Side Show – Southwark Playhouse until 3rd December
“it’s good to have a friend by your side”
Guest Review By Jess Proud
You can always rely on Southwark Playhouse to deliver a great musical premier. With the transfer of ‘In The Heights’ and the recent critically acclaimed production of Rogers and Hammerstein’s ‘Allegro’, expectations were high for the UK premier of ‘Side Show’ – and it didn’t disappoint.
The musical tells the true story of conjoined twin sisters Violet (Laura Pitt-Pulford) and Daisy Hilton (Louise Dearman) whose stratospheric rise from freak show spectacle to vaudeville stars quickly unravels, as their individual dreams are unable to come to fruition without literally tearing them apart.
This is a well executed production. The cast is strong: Dominic Hodson and Haydn Oakely impress as nuanced male leads and they’re supported by an energetic, and refreshingly diverse, ensemble – special mention to Agnes Pure whose movement is often captivating. The talents of the creative team also shine through; director Hannah Chissick punches out the high drama which, though occasionally bordering sentimentality, delivers some terrific moments. Jo Cichonska leads a tight band through Henry Krieger’s score with new, rich orchestrations by Simon Hale. And designer takis delivers a hauntingly simple and exposed set, freeing choreographer Matthew Cole to fully utilise the small thrust stage and isles, including the audience in raucous circus numbers.
But despite all this, the show itself isn’t without flaws. Bill Russell’s lyrics often land awkwardly with Krieger’s melodies, and odd turns of phrase, hoping to be excused by being sung, draw focus from the narrative to the writers themselves. Additionally, monotonous sung-through passages lacking any rhyme scheme or distinguishable melody become instantly boring and forgettable. However, no-one can fault the performances of the show’s seasoned leading ladies. Pitt-Pulford’s vulnerable, endearing whilst awkward ‘Violet’ fantastically complements Dearman’s ambitious and robust ‘Daisy’. Both actresses respect their inescapable scene partner, acknowledging when the spotlight isn’t on them – at times we do forgot they’re literally joined-at-the-hip. The truly spine-tingling moments occur as the show draws to a close. The company leave the stage and the pair are left alone with the audience, free to display their powerhouse of vocal and acting talent in the duet, ‘I Will Never Leave You’ – credit where it’s due, the hook doesn’t leave the audience’s heads for quite some time.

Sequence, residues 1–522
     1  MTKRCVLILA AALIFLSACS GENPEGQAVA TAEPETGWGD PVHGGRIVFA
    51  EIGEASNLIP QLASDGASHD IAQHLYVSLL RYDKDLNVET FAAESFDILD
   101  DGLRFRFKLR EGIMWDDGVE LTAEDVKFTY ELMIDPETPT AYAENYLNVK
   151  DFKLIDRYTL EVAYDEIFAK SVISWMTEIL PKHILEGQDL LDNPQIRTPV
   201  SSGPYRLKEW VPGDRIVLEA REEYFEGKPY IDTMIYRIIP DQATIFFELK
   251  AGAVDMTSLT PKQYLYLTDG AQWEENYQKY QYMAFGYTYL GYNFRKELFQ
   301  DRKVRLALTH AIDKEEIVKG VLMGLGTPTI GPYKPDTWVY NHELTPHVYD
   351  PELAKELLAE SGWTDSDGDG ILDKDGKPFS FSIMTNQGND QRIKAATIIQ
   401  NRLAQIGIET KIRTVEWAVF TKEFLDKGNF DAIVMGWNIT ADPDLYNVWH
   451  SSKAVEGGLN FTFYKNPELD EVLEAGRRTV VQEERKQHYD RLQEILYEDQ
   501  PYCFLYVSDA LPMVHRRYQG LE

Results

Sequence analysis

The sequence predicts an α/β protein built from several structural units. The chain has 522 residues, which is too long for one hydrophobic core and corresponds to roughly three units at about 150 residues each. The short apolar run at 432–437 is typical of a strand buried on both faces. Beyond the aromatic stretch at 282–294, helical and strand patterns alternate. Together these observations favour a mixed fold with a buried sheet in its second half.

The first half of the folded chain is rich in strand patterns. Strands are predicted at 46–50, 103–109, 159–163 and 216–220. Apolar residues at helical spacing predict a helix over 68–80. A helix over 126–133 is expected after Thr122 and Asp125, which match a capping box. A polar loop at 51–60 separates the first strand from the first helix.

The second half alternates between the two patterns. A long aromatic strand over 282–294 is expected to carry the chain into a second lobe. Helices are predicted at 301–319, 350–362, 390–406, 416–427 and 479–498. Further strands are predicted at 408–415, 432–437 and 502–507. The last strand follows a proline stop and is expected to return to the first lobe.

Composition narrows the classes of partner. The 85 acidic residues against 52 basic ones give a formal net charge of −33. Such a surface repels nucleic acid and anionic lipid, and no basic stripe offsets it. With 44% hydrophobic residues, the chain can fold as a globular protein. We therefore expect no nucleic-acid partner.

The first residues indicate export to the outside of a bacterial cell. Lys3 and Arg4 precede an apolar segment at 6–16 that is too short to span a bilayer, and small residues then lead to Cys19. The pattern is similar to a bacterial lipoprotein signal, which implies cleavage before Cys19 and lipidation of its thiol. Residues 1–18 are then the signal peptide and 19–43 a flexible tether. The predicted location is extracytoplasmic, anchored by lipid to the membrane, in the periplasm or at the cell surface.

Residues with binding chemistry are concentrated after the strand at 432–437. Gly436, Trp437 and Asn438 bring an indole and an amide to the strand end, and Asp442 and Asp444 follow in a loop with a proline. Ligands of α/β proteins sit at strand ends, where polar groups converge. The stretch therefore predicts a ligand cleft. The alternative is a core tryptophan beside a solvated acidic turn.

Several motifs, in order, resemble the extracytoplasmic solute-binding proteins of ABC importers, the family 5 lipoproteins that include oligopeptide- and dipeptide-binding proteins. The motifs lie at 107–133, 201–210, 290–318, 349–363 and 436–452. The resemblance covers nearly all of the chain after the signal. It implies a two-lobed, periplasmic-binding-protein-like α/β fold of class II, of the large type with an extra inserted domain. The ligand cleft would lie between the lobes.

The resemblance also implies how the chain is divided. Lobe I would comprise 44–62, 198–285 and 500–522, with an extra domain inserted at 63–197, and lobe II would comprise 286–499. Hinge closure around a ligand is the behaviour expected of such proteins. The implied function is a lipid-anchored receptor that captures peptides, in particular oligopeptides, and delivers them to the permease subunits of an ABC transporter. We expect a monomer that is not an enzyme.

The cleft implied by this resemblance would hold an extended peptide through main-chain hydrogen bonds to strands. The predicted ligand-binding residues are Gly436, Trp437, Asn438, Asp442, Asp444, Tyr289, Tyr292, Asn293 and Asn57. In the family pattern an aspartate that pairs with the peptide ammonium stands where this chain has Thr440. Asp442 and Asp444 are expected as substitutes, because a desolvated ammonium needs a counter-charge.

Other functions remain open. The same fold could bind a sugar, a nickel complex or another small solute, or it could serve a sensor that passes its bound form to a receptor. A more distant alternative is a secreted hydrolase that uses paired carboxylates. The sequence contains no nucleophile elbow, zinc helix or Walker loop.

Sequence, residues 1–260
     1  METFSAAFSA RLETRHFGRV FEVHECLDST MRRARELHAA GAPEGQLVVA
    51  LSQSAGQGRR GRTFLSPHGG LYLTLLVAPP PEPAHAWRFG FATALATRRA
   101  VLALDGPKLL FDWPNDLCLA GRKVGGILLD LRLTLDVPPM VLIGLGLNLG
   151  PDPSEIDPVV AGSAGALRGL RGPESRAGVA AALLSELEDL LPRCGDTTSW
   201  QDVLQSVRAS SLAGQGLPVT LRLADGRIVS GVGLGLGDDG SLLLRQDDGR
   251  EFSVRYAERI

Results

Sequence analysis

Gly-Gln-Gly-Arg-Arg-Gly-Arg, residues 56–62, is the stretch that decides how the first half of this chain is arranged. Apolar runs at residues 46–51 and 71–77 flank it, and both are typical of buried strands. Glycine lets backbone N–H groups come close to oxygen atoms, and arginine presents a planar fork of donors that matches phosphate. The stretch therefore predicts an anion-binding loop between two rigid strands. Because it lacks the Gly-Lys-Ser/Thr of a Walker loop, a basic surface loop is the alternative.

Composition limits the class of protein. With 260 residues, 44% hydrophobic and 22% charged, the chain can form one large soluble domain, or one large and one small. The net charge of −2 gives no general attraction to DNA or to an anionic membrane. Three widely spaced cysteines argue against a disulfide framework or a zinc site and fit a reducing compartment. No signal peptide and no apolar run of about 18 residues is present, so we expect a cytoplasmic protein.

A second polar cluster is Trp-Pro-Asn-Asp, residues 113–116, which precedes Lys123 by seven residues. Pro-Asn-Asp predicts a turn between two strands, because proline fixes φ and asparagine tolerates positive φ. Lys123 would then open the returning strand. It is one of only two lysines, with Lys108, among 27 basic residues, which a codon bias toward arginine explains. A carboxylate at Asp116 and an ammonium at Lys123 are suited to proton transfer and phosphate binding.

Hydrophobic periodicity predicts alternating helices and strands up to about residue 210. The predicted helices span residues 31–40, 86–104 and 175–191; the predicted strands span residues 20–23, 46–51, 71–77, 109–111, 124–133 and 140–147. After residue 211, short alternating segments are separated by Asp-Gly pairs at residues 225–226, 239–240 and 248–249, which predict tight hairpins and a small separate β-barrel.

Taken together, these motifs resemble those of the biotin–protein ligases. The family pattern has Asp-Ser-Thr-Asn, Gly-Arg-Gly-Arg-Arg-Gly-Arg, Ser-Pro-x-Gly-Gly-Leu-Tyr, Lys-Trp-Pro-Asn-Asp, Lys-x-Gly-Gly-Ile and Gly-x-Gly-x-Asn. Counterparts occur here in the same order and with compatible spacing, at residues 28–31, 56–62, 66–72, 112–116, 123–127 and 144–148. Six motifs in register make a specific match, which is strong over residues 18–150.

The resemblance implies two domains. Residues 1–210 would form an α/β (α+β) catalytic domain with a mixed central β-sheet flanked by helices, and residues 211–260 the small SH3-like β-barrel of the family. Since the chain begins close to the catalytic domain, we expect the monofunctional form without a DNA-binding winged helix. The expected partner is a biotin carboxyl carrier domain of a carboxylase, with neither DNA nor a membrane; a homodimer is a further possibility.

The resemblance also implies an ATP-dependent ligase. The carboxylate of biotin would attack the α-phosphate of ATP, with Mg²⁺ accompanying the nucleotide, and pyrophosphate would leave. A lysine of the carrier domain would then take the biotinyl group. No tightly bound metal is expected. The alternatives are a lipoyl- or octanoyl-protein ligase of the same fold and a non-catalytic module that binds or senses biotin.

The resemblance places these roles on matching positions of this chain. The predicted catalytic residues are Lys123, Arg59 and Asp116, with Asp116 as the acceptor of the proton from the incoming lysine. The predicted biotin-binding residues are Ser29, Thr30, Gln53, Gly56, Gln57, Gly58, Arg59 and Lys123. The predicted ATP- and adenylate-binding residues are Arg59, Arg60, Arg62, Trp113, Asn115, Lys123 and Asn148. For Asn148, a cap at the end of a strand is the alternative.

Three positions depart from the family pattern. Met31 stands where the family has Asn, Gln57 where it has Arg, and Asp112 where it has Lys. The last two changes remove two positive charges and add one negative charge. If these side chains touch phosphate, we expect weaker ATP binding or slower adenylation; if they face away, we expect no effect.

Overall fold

The Hilton sister’s lead an extraordinary life of fame and success but also ridicule and exploitation, and this show delivers enormous heart navigating through their troubling story, proving that even when the world is against you, it’s good to have a friend by your side.
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